LINCOLN PARK — An afternoon debris fire broke out at the General Iron scrap metal facility in Lincoln Park on Tuesday.
North Siders reported smelling smoke and seeing light clouds emanate from the plant, 1909 N. Clifton Ave., around 2:15 p.m. Tuesday. Chicago Fire Department officials and a General Iron spokesperson said a pile of materials near the shredder caught fire, but the shredder itself was unaffected.
It wasn’t immediately clear how the fire started but firefighters put out the flames by 3 p.m., fire officials said.
General Iron spokesman Randall Samborn described it as a “small smoldering debris fire” in a “material pile next to the metal shredder.” The shredder was not in operation before the fire, Samborn said.
“No one was injured and the material was quickly extinguished by General Iron personnel and the Chicago Fire Department,” he said in a statement. “According to the Fire Department, air quality monitoring did not detect any potentially hazardous pollution levels. We are investigating possible causes and we are fully cooperating with city officials.”
Ald. Brian Hopkins (2nd) lives near General Iron. When he saw pictures of the smoke circulating on Twitter, he said he walked over to the shredder, arriving minutes before fire crews.
The alderman said he watched crews use grappling hooks to move the fiery pile around while trying to put out the blaze for nearly an hour.
“It required extensive movement of the scrap pile,” Hopkins said. “When you have a fire within a scrap pile like that it’s very difficult for the fire department … the pile itself contains the fire, and serves as a shield to the water.”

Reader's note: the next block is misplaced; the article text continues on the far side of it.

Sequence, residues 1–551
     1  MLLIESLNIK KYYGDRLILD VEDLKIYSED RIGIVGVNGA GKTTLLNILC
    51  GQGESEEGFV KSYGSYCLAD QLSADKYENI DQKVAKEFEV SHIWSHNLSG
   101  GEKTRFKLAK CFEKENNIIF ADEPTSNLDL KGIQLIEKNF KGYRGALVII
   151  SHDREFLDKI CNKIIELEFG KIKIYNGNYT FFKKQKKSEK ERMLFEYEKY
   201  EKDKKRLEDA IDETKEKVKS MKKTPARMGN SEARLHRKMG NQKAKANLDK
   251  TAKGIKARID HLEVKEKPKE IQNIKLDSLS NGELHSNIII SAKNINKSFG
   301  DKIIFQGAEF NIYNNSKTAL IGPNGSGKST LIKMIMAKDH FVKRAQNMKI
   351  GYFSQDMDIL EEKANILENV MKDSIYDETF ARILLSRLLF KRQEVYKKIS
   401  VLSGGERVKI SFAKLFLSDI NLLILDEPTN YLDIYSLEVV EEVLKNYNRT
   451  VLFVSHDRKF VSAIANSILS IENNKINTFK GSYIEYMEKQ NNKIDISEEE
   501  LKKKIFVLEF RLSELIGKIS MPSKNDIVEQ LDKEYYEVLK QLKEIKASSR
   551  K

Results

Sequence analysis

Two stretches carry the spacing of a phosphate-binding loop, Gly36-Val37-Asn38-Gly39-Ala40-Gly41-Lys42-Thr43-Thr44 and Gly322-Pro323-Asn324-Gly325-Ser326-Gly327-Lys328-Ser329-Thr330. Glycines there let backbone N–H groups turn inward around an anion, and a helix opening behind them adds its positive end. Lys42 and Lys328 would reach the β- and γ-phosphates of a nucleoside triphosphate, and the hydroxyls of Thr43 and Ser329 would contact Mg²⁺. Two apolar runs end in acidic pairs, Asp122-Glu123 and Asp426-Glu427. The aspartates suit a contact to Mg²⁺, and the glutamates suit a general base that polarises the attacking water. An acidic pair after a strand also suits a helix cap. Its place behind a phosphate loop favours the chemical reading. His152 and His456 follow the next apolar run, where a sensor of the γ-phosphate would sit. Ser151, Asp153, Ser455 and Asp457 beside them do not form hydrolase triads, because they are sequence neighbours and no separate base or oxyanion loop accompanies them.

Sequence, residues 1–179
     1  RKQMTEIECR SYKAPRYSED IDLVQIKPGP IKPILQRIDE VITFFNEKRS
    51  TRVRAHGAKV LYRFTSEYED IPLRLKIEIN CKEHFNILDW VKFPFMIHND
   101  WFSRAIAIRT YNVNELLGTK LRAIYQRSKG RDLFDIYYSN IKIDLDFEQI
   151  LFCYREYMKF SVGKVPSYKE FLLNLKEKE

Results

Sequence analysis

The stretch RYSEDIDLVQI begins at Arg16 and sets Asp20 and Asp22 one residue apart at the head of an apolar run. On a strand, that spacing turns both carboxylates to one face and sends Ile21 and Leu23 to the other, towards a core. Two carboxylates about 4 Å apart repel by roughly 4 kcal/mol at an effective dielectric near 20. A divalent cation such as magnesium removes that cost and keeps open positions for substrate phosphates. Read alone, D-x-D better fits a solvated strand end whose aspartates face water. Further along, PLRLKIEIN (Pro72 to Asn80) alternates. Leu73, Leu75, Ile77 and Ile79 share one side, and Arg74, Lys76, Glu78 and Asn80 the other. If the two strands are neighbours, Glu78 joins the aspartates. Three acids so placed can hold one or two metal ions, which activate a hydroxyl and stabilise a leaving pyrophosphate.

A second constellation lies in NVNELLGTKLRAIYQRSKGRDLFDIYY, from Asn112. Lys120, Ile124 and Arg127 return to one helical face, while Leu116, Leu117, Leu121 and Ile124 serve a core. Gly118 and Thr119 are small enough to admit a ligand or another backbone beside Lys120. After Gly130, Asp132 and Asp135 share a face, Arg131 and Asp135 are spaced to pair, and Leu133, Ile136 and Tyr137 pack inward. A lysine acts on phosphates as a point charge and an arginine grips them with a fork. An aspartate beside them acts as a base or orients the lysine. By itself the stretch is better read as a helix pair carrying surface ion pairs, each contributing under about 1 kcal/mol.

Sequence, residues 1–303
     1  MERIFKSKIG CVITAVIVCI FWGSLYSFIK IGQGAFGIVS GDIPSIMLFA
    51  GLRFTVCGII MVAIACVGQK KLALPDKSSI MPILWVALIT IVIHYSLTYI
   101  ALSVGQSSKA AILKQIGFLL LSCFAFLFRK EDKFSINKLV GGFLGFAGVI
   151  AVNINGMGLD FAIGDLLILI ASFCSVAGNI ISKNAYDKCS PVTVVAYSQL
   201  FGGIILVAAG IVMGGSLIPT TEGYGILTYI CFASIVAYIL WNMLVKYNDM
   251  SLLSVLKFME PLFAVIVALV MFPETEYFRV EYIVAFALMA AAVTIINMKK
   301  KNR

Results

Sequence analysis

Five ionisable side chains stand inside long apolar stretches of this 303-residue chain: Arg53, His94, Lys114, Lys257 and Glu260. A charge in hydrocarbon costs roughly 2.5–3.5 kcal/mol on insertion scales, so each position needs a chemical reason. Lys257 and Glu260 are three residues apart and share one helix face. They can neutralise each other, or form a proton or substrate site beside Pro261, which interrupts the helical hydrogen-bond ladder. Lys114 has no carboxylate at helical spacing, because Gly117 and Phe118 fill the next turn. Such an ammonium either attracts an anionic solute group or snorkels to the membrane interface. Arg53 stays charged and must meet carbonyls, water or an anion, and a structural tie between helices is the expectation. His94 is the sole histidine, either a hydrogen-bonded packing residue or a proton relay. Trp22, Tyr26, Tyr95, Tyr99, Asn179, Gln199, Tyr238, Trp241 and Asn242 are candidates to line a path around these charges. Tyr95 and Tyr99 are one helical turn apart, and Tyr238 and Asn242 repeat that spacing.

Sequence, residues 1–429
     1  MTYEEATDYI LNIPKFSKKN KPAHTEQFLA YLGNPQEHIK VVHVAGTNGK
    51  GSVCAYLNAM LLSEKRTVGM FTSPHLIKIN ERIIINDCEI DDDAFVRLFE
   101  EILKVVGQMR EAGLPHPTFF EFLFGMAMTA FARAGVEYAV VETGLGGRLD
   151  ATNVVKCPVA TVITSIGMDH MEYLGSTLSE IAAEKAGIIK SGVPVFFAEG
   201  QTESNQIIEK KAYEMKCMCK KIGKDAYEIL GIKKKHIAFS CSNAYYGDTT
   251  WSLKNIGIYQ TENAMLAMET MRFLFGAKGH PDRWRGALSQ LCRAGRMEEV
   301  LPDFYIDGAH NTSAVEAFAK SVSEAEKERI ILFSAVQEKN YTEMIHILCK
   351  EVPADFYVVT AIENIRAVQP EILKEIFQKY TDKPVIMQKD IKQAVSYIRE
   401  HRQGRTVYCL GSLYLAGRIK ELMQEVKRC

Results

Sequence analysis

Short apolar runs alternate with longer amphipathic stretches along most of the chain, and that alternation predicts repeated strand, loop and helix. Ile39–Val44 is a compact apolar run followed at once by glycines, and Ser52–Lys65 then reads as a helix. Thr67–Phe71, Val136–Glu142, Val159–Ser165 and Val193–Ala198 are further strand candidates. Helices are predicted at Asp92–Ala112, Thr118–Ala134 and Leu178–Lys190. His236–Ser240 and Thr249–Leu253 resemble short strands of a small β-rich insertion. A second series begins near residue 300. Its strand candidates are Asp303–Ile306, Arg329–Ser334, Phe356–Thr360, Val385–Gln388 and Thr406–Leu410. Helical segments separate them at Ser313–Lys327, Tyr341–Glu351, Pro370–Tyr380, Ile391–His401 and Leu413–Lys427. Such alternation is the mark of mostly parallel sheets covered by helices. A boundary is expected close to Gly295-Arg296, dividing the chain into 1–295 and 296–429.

While the air quality reports showed negative readings, Hopkins said it was “very windy” during the fire.
Readings from a Purple Air monitor installed by neighbors have showed relatively lower amounts of pollution in recent weeks, however levels of PM2.5 jumped drastically around the time of the fire, Hopkins said. (See the ratings here.)
“The wind would have dissipated any toxic emissions that occurred,” he said. “This was a hazmat level 1 response. Scrap piles we know contain a wide variety of material — coatings, paint — they don’t inventory these scrap piles, they simply unload the trucks. It’s simply unknown what the exact nature of the contaminants of that pile might be. But for the neighborhood to breath a toxic smoke cloud like that, it’s hazardous, even though it dissipated quickly.”
A fire in 2015 at General Iron originated in a 70 ft. high pile of combustible material, Hopkins said.
“They can contain corrosive materials, chemicals — things that react when they wind up placed in close proximity to each other,” he said. “I’m sure the investigation will uncover that. We’ll wait for that report.”
The fire broke out just one week after Reserve Management Group, the company that owns the shredder, paid the city $18,000 to settle all of its outstanding municipal violations.
Earlier this year, a pair of loud explosions on the shredder’s conveyer system rocked the neighborhood and terrified nearby residents.
RMG plans to relocate its shredding operation to East Side next year, renaming the company “Southside Recycling.”
As of Tuesday afternoon, RMG had not filed its full application to receive its final permit, a city spokesman told the Sun-Times.
Hopkins said he believed the city should table its evaluation of the permit until the investigation into Tuesday’s fire is completed.
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